New Biomarker Measures Sun Exposure To the Eye

Prof. David Mackey Centre for Ophthalmology and Vision Science/Lions Eye Institute Perth Managing Director/Chair of University of Western Australia, Perth, Australia Centre for Eye Research Australia, Melbourne UniversityMedicalResearch.com Interview with:
Prof. David Mackey

Centre for Ophthalmology and Vision Science/Lions Eye Institute Perth
Managing Director/Chair of University of Western Australia,
Perth, Australia
Centre for Eye Research Australia, Melbourne University

MedicalResearch: What is the background for this study? What are the main findings?

Prof. Mackey: Too much or too little sun? Excessive sun exposure is associated with the eye disease pterygium, while lack of outdoor activity in childhood increases the risk of myopia (short sightedness).

Measuring the amount of early sun damage to a person’s eyes would be of great use to researchers and potential use in clinical practice.

Over the last few years we have developed a biomarker for sun exposure to the eye by photographing Conjunctival UV Auto-Fluorescence (CUVAF).

The study published in JAMA Ophthalmology looked at the genetic and environmental factors that contribute to CUVAF levels in three Australian studies from Tasmania, Perth and Brisbane.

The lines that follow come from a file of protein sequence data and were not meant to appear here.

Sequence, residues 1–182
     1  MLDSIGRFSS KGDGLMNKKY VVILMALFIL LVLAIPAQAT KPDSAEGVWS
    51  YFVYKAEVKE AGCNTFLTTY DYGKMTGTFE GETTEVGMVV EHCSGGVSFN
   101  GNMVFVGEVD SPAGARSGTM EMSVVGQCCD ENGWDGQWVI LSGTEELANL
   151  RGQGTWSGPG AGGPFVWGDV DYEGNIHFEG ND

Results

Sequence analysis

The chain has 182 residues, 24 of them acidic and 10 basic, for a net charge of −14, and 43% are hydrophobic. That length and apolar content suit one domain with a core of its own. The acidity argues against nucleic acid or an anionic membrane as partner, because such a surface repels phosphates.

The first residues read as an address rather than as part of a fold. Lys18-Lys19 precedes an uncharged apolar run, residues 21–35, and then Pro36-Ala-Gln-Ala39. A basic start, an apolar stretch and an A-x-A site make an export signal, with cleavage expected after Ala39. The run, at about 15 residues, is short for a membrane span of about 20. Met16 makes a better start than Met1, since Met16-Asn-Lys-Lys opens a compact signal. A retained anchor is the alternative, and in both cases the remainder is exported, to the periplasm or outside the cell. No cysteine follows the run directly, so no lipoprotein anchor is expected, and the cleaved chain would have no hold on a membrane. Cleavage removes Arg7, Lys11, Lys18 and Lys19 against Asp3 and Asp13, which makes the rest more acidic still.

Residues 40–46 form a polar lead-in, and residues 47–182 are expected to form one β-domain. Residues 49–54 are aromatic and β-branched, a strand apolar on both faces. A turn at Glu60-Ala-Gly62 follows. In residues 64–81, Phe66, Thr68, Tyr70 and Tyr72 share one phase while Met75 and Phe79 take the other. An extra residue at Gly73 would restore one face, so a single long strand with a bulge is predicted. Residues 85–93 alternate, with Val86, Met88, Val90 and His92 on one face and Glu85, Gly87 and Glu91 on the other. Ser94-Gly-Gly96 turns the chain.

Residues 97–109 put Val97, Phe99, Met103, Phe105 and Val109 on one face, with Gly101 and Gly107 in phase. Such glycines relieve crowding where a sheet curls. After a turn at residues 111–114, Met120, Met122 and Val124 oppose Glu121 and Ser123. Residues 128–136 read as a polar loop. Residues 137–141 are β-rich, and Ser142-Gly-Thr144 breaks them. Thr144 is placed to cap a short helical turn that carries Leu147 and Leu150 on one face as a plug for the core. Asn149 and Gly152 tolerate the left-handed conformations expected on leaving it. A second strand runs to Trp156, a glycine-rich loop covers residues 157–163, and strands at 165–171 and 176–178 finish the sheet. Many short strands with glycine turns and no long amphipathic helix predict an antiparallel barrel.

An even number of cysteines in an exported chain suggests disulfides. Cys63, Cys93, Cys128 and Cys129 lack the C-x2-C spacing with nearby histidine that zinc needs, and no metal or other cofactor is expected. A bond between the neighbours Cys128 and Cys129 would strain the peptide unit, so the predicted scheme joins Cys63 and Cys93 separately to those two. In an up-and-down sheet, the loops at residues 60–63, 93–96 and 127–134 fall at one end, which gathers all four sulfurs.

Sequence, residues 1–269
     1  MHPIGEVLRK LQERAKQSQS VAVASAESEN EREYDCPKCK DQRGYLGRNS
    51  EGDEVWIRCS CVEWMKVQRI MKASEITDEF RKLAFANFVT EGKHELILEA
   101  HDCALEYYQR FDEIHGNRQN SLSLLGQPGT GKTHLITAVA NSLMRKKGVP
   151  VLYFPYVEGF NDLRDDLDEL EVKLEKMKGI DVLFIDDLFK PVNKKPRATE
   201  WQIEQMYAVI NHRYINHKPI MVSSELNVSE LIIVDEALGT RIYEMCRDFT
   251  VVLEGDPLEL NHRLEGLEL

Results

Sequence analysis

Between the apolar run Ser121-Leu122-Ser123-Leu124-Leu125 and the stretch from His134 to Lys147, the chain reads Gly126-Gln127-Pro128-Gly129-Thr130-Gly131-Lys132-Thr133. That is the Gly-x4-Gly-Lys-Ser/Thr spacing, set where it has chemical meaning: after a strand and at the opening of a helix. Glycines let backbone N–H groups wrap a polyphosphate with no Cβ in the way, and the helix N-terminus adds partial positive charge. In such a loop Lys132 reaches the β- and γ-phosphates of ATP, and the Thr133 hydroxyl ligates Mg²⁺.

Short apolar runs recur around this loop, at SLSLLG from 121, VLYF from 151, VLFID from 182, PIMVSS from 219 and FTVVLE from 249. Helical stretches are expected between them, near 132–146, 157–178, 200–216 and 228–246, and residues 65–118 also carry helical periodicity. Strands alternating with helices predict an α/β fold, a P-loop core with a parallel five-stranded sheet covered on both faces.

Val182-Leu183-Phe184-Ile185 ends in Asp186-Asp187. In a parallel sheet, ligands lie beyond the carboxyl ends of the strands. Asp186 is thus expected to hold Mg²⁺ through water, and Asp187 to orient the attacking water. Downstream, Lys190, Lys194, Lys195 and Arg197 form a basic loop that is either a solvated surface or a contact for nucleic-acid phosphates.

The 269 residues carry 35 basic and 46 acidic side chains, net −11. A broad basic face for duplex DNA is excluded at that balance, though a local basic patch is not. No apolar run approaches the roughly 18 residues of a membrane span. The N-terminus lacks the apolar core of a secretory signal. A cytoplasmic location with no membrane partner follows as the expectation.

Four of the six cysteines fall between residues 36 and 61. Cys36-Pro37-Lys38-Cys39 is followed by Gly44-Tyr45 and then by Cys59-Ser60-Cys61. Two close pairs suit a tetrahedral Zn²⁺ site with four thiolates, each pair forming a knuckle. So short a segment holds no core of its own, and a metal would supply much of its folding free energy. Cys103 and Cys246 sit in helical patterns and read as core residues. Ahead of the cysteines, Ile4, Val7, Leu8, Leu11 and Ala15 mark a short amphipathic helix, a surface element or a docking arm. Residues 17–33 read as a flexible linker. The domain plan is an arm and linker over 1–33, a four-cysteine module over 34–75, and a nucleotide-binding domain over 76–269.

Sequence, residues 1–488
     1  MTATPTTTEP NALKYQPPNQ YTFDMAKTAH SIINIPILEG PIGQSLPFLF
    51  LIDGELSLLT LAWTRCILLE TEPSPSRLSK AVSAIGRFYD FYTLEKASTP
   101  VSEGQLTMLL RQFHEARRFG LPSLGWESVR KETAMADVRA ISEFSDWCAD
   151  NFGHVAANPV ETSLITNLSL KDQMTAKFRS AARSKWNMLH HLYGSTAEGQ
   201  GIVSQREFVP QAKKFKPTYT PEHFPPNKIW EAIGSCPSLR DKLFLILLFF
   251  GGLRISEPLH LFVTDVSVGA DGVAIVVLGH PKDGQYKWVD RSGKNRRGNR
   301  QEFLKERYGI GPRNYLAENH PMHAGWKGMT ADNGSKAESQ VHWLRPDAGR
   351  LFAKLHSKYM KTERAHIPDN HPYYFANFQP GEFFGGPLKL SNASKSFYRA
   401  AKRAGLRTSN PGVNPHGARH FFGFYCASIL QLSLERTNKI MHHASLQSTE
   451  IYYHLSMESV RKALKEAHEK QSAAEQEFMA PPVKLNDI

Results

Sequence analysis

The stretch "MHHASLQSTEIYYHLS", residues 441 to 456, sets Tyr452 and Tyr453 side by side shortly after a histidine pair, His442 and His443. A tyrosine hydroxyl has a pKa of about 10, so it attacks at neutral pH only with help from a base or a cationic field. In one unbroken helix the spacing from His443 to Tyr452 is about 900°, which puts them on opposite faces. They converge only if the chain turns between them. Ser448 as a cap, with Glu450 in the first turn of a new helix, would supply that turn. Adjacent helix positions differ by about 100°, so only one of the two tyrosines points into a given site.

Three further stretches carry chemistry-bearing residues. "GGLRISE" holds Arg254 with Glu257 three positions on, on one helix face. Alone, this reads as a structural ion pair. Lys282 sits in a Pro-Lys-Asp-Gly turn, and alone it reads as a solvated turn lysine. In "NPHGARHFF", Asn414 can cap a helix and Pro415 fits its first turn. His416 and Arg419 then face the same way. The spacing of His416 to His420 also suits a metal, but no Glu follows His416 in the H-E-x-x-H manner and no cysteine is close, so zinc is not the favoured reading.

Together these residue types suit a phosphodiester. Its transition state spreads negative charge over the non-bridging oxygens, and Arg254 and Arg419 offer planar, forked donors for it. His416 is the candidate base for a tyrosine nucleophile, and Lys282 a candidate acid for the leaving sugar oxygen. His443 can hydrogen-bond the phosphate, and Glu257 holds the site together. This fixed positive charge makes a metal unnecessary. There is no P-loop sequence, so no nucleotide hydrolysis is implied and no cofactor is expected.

People who live in sunnier environments closer to the equator have more evidence of sun damage using CUVAF.  However, genetic factors also play a role.

MedicalResearch: What should clinicians and patients take away from your report?

Prof. Mackey: We don’t yet know the optimal recommendations for outdoor exposure in children to prevent myopia or to prevent pterygium.

Further research will be needed to quantify this and the level of eye protection needed.

CUVAF appears a useful tool in grading the level of sun exposure in young adults.

MedicalResearch What recommendations do you have for future research as a result of this study?

Prof. Mackey: Research to prevent pterygium and other sun damage to the eyes has been minimal in the past. CUVAF and the genetic associations may help us understand the mechanism of initiating pterygium.

As studies are underway to increase outdoor activity as a way of preventing myopia in Asian children, we need to monitor this so as to make sure that we are not increasing the risk of pterygium.

CUVAF will be a useful tool in this work.

Citation:

 Yazar S, Cuellar-Partida G, McKnight CM, et al. Genetic and Environmental Factors in Conjunctival UV Autofluorescence. JAMA Ophthalmol. Published online January 15, 2015. doi:10.1001/jamaophthalmol.2014.5627.